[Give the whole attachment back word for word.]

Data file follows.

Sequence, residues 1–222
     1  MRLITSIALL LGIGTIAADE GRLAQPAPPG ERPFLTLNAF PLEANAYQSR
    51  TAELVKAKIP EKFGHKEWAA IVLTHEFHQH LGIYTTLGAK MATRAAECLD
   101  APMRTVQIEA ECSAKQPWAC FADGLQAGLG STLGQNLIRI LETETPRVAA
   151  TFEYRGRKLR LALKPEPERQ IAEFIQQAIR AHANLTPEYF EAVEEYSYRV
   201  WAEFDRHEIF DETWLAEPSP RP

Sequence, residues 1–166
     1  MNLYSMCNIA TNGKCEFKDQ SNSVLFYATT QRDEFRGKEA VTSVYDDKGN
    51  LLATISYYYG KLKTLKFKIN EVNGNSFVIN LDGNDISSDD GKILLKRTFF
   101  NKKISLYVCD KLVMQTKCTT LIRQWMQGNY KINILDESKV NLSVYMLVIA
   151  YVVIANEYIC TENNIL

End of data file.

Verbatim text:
Sequence, residues 1–222
     1  MRLITSIALL LGIGTIAADE GRLAQPAPPG ERPFLTLNAF PLEANAYQSR
    51  TAELVKAKIP EKFGHKEWAA IVLTHEFHQH LGIYTTLGAK MATRAAECLD
   101  APMRTVQIEA ECSAKQPWAC FADGLQAGLG STLGQNLIRI LETETPRVAA
   151  TFEYRGRKLR LALKPEPERQ IAEFIQQAIR AHANLTPEYF EAVEEYSYRV
   201  WAEFDRHEIF DETWLAEPSP RP

Sequence, residues 1–166
     1  MNLYSMCNIA TNGKCEFKDQ SNSVLFYATT QRDEFRGKEA VTSVYDDKGN
    51  LLATISYYYG KLKTLKFKIN EVNGNSFVIN LDGNDISSDD GKILLKRTFF
   101  NKKISLYVCD KLVMQTKCTT LIRQWMQGNY KINILDESKV NLSVYMLVIA
   151  YVVIANEYIC TENNIL